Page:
NFCT’s ‘Kiss Me, Kate’ is pretty darn hot

07/29/2010 12:00 AM |

North Fork Community Theatre’s production of “Kiss Me, Kate” is exciting, elating, eye-popping and ear-pleasing. Shakespeare, sex, music and scintillating performances create the glamour and gaiety of Cole Porter’s most successful musical.

In it, scenes from “Taming of the Shrew” are juxtaposed with the backstage romantic trials of the leading man and woman. As the plot of Shakespeare’s comedy unfolds, the offstage scenes reveal the parallel course of the turbulent romance between the lead actors.

Cole Porter’s inspired score represents both worlds. He uses Shakespearean lines in lyrics such as “Were Thine That Special Face” and uses his sophisticated touch in “Always True to You in My Fashion.” His score overwhelms us with tender love songs, showbiz anthems, a Viennese waltz and a vaudeville number for two gangsters. Its success must have been deeply gratifying for Porter, who had never fully recovered from a riding accident a few years earlier that was to cause him continued pain for the rest of his life.

In Mattituck, an enormous cast of four principals, seven featured actors and more than 20 ensemble players are all focused like laser beams on entertaining us. This bountiful gift is offered to us through the skilled, sensitive, imaginative direction of Bob Beodeker and pulled together by the experienced, capable producer Marilee Scheer.

The Petruchio/leading man role is stunningly played by Stephen D’Amico, a handsome, manly lead whose beautiful singing voice makes him an ideal woman-tamer. The Kate/leading lady role is played with spirit and a sharp sense of humor by the lovely Laura Ahrens, who is not afraid of slapstick and who sings enchantingly.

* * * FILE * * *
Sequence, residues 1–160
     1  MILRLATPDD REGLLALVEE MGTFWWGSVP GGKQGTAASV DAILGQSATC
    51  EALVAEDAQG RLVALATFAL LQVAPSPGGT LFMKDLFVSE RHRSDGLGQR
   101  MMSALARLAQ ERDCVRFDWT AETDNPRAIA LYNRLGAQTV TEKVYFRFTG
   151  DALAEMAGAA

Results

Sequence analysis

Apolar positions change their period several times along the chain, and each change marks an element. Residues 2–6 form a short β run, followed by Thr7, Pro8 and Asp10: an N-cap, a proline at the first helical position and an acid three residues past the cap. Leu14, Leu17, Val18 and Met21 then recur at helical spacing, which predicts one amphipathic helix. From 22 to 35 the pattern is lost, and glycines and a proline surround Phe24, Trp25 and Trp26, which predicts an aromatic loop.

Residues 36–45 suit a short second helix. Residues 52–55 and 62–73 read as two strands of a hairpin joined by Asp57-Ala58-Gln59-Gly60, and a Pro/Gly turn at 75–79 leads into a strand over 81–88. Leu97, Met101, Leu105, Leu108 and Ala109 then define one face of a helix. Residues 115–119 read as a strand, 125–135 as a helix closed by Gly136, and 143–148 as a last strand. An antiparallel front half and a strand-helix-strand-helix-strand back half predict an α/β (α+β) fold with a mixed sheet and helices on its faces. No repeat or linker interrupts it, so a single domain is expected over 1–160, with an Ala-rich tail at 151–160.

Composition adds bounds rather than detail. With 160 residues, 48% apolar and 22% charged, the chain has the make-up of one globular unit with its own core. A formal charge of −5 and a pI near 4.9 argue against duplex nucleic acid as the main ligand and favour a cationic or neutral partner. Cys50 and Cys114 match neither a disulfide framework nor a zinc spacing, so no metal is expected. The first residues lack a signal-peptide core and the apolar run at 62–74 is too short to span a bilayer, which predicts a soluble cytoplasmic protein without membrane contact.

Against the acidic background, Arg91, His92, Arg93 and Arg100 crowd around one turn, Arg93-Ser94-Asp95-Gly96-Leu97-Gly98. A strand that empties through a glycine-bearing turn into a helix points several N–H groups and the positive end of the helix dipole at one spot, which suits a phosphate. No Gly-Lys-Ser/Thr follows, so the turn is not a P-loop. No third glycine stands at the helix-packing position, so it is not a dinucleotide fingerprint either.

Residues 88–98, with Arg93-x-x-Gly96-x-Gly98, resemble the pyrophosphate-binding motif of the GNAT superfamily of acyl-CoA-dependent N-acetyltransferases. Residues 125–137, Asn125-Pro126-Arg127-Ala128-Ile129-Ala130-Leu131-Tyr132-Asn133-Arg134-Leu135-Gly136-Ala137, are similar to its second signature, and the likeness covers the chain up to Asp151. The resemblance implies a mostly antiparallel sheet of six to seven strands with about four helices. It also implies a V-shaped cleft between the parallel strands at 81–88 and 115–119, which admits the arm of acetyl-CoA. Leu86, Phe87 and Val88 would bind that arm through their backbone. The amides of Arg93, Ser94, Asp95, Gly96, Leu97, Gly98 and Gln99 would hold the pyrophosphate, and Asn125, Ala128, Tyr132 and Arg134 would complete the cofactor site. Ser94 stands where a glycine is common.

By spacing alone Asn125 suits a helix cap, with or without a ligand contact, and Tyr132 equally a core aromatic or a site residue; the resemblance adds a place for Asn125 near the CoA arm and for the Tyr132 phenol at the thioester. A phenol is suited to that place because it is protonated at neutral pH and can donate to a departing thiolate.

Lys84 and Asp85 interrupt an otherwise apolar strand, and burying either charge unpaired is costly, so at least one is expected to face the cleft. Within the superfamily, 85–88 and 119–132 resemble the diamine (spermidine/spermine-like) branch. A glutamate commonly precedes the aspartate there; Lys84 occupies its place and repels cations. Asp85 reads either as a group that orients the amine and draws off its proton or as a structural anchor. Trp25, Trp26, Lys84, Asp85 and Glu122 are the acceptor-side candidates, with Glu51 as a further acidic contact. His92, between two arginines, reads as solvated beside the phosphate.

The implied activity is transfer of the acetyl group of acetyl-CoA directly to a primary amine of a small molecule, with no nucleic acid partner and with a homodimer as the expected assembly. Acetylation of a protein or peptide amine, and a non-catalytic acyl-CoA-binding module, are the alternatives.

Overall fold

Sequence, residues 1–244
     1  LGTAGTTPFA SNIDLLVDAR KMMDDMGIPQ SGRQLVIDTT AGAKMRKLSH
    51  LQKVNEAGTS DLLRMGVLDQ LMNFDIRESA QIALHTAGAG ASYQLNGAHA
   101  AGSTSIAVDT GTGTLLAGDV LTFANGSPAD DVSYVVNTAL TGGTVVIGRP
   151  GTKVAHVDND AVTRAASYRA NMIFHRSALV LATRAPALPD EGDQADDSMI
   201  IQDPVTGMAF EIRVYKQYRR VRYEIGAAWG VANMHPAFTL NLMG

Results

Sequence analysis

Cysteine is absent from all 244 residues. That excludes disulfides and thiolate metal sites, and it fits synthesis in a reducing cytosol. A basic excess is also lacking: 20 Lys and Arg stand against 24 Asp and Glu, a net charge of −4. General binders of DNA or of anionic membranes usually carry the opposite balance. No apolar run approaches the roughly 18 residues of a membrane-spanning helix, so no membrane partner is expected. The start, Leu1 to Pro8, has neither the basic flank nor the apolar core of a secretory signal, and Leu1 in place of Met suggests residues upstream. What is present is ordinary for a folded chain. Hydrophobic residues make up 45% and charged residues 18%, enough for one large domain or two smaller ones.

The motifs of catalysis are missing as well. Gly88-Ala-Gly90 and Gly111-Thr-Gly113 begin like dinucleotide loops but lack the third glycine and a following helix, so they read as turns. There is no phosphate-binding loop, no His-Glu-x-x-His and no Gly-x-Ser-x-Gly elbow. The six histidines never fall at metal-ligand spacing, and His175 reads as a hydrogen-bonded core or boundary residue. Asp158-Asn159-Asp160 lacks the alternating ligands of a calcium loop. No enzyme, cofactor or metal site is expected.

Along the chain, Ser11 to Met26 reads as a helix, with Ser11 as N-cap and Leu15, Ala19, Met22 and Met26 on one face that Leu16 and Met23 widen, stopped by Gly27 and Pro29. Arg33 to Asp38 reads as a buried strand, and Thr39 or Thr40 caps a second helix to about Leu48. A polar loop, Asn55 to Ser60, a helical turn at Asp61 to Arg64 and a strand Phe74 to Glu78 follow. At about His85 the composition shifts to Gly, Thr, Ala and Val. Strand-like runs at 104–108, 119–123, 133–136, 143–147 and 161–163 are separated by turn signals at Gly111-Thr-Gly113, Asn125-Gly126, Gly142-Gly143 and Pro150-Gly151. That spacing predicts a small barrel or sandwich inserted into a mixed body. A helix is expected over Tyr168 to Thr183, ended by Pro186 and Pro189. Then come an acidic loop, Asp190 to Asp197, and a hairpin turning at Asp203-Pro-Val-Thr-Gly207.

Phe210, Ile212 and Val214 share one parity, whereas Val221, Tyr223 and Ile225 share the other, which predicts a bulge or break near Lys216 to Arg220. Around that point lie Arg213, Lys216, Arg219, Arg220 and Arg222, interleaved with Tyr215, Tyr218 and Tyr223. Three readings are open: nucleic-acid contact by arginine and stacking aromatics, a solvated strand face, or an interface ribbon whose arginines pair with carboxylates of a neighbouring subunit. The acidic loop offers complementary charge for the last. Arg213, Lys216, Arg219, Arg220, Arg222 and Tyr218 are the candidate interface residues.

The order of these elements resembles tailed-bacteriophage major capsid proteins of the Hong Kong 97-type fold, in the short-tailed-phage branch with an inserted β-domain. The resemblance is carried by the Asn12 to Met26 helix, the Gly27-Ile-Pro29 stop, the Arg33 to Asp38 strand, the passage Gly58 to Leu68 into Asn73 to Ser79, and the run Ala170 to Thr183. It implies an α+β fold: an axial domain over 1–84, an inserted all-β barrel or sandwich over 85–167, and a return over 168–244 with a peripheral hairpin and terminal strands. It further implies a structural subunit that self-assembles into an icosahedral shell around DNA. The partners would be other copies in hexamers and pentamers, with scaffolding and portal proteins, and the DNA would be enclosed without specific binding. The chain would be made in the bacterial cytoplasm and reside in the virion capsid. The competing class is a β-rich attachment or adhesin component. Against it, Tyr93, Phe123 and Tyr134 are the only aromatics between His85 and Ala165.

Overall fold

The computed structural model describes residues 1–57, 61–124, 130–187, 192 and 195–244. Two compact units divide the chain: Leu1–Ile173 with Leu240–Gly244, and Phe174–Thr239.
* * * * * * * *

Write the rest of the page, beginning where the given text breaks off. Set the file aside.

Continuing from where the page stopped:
The two secondary leads are Christopher D’Amico, a versatile and extremely attractive performer who knows what it means to “give” a performance (we thank him), and the delightful and talented Tess Leavay, an accomplished comedienne whose singing and dancing sparkle and shine.

Christina Stankewicz sets the style for the entire show when she sings and struts “Another Op’nin’, Another Show.” We kept waiting to see her again — perhaps in “Too Darn Hot”? Nicholas Troisi and Brandon Holl¬­born are thrilling singers and dancers and when they’re joined by Christopher D’Amico, it’s a perfect trifecta.

Dan Yaiullo and Jacob Boergesson epitomize the theme of the show as they mix high-falutin’ references to Shakespeare with common vulgarity in the show-stopping “Brush Up Your Shakespeare.”

Other attractive performances are given by Justin Harris, Michael Drozd, Luke Sisson, Tim Ferris, Ryan Boedeker and the entire ensemble.

Another 26 people provide: the torrid and colorful choreography of Erin and Tara McKenna; Charlie Scheer’s vast lighting plot; the outstanding costumes and the sturdy accompaniment by Kathleen Papot and her orchestra. (We missed the famous beguine rhythm that made “So In Love” a hit, but who cares? Cole Porter wrote “Looking down on the Jungfrau,” which is impossible since it’s one of the highest Alps but, again, who cares?)

Producer Saint Subber, who was once a stagehand for “Taming of the Shrew,” starring Alfred Lunt and Lynn Fontanne, suggested the idea for “Kiss Me, Kate.” He said the stars quarreled in private as much as Petruchio and Kate on stage and that it would make a good musical.

I happened to spend two years with the Lunts in “The Great Sebastians” and I never heard them argue. Once, when Mr. Lunt asked Miss Fontanne why she thought he wasn’t getting a laugh on a certain line in the tea scene, she responded with some annoyance, “Because, Alfred, you are asking for the laugh and not the cup of tea!” That was it, and a wonderful lesson in comic delivery.

“Kiss Me, Kate” was a huge success and still is. As a Viennese critic wrote, “Kiss me, Kate — again and again and again.”

‘Kiss Me, Kate’

North Fork Community Theatre

12700 Old Sound Ave., Mattituck

Evening performances continue Thursdays-Saturdays, July 29-Aug. 8, at 8; matinees on July 31 and Aug. 1, 7 and 8 at 2:30 p.m.

For tickets, call 298-NFCT (6328) or visit